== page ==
Should Injury Victims Document Their Recovery?

Posted on behalf of RizkLaw on Jan 31, 2020 in Personal Injury

injured man holding headDays, weeks or even months after an accident, the facts about what happened quickly fade from memory. However, documenting important details can help you retain that information, strengthen your personal injury claim and add credibility to your statements to insurers.

Rizk Law explains what a pain journal is and what it should and should not include. We also explain how you may be able to protect the pain journal under attorney-client privilege.

Understanding the Purpose of a Pain Journal

A pain journal is a written record of an accident and details the emotional distress, pain and suffering that a person feels after being injured.

Pain journals also give you a way to refer back to an important detail you may have forgotten. The most useful journals will have regular daily or weekly entries, note the date and time, be neat, consistent, concise and accurate.

What Details May Add Value to a Personal Injury Claim?

Rizk Law strongly recommends that you address your pain journal directly to your attorney because then it will most likely be protected by attorney-client privilege. If attorney-client privilege applies, it can help prevent the other side from gaining access to it and trying to use it to hurt your claim.

Information that you should keep track of in your pain journal includes:

Your Account of the Accident

As soon as possible, describe your version of the accident while your memory is fresh. Details you should include are:

  • The date and time of the accident
  • How the accident occurred
  • What you and the other driver were doing immediately before the accident
  • Weather and road conditions when the crash occurred
  • Details about conversations you had with the other driver, law enforcement or any eyewitnesses at the scene

Medical Information

Seek medical attention immediately after the accident, and include information about your initial examination and diagnosis, the dates and times of your doctor appointments, prescribed treatments, medications and all other physician instructions.

Keep track of all medical providers who provide treatment, including:

  • Physicians
  • Mental health specialists
  • Chiropractors
  • Rehabilitation and physical therapy professionals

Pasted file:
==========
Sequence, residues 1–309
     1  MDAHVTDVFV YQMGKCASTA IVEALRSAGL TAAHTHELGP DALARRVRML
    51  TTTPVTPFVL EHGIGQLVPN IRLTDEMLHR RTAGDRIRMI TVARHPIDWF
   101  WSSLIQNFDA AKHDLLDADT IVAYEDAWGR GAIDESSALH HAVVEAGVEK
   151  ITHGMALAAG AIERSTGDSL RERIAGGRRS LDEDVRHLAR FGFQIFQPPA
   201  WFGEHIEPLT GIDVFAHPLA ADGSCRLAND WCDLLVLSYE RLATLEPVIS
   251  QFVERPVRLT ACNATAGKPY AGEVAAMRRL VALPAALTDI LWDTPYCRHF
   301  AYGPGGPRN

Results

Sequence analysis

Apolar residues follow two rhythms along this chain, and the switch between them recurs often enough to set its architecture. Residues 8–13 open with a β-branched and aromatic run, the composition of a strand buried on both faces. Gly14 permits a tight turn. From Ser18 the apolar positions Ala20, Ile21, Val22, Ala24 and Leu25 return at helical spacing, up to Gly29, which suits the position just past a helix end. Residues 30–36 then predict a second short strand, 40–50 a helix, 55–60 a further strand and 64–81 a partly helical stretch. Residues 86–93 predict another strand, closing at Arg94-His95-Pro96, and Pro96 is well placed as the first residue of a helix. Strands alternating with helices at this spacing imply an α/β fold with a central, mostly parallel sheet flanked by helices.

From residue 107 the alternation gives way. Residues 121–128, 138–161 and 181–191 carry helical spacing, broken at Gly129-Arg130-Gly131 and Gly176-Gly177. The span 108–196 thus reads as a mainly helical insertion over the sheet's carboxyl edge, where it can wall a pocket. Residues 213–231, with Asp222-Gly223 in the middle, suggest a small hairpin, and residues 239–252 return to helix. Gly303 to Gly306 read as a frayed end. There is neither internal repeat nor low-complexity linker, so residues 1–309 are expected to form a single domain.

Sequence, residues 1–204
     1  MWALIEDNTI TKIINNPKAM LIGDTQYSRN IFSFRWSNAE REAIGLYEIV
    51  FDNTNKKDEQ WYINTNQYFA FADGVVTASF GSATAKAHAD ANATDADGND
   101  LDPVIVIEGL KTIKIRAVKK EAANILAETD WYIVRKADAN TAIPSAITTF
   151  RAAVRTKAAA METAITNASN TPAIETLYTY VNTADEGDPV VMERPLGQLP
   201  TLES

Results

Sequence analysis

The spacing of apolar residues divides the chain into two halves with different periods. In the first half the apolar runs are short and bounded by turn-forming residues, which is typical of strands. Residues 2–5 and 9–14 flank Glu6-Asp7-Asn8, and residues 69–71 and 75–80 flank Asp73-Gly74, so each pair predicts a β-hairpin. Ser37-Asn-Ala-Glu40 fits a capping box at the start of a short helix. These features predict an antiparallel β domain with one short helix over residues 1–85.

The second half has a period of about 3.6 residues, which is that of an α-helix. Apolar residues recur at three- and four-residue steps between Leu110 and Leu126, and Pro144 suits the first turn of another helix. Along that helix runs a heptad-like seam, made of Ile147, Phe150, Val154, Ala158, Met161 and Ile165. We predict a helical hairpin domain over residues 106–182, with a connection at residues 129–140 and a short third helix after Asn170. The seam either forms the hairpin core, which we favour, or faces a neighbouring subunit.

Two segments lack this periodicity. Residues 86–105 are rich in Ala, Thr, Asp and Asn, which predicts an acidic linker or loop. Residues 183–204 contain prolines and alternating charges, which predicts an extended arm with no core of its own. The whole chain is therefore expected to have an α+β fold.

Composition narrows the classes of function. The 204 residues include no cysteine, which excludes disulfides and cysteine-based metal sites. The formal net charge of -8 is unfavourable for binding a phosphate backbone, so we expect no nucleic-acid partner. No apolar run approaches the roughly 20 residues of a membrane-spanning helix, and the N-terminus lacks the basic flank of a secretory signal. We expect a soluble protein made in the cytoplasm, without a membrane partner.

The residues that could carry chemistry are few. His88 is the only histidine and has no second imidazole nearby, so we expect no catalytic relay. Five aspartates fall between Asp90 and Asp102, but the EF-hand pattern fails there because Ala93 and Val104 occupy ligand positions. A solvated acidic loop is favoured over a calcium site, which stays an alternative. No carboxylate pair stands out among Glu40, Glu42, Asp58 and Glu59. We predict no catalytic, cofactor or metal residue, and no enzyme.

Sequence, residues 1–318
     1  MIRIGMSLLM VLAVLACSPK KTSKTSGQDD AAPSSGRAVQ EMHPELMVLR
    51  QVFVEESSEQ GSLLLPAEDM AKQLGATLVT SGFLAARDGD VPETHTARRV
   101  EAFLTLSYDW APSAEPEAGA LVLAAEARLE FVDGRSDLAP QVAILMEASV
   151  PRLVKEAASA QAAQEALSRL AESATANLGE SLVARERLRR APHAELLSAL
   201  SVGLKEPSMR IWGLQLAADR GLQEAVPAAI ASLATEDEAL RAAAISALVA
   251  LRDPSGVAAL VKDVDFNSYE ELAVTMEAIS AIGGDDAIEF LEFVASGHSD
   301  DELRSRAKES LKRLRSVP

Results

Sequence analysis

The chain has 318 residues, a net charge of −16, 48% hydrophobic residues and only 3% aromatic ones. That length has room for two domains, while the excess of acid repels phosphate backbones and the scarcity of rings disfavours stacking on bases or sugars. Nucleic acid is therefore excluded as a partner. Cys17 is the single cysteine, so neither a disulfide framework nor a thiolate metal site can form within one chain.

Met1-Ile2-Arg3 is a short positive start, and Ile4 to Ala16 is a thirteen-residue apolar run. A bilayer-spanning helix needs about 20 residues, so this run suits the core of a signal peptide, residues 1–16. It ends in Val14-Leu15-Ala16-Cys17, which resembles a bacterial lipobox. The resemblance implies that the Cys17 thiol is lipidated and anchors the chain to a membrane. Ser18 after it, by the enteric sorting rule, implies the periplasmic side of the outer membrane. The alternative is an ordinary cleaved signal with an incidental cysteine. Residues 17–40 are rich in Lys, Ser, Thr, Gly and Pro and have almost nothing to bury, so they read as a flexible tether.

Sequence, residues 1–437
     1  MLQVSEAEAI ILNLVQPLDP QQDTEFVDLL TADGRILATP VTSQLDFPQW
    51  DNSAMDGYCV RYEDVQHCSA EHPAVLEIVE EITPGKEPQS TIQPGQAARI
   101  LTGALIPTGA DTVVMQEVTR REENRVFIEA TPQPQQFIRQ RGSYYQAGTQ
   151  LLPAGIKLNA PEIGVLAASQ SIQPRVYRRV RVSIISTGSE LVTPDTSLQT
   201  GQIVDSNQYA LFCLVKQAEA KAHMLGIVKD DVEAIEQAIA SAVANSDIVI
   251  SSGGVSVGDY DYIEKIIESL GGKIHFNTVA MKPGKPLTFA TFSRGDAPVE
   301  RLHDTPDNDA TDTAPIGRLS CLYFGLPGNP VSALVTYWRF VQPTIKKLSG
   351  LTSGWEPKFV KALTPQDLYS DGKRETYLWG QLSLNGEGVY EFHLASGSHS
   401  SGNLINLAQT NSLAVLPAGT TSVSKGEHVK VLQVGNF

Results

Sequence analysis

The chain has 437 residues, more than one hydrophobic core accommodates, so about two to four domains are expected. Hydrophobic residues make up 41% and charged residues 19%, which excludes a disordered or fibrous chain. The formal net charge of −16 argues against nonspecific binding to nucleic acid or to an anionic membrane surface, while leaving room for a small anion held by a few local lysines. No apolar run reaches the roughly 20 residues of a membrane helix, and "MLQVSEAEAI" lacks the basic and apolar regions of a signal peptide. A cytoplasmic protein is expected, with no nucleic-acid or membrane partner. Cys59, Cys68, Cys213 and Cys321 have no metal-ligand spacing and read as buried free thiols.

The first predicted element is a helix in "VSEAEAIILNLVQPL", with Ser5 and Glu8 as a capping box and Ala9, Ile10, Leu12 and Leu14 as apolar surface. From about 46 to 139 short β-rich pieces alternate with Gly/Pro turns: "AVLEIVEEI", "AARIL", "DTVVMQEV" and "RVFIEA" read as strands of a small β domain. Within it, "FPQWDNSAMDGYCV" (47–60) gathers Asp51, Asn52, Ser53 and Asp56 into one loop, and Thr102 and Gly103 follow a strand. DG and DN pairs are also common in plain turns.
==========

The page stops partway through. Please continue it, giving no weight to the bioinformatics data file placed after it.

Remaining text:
Your Symptoms

One of the most important aspects about your pain journal is keeping track of your pain and suffering. Try to write in your pain journal every day to describe the physical pain, mental anguish and emotional issues you are confronting. Include a daily pain scale rating of between one and 10, with 10 being the highest.

Use descriptive words like “throbbing” or “dull” to explain the pain. Remember that a jury may read your pain journal, so it is helpful to be descriptive.

Your Limitations

Discuss how your injuries limit your activities and affect your daily life. For example, if you are no longer able to cook or clean, note that in your pain journal.  Also, discuss how the accident affected your relationship with your partner and your family.

When describing your limitations, think about how your injuries, pain and suffering have affected your:

  • Sleep or eating habits
  • Your ability to do or enjoy your favorite activities or pastimes
  • Your ability to work or earn a living
  • You relationship with friends, family or spouse
  • Your mobility or ability to be independent

Information that Should NOT be in Your Pain Journal

While you want the jury to have a better understanding about the accident, the injuries you sustained and how it is affecting your life, there are some irrelevant details you should not include:

  • Details that you discuss with your lawyer, such as confidential details about your claim
  • Exercise restrictions – Be careful mentioning exercise restrictions. If you talk about exercising, the insurance adjuster or jury may interpret that if you are fit enough to exercise, you may be exaggerating your injuries.
  • Irrelevant information – Your pain journal has a specific purpose. It is not the place to discuss personal or intimate details about your life that are irrelevant to your case.
  • Anything you do not want shared – A pain journal may ultimately be admitted into evidence, so avoid including anything that you would not want the jury to read. Ask your lawyer for details.

How Your Attorney May Utilize Your Pain Journal to Your Benefit

The Portland personal injury lawyers at Rizk Law know how to use your pain journal to benefit your case. They can provide you with additional tips about what information to include in your journal and how it may be used throughout the claims process. Contact us today to learn more.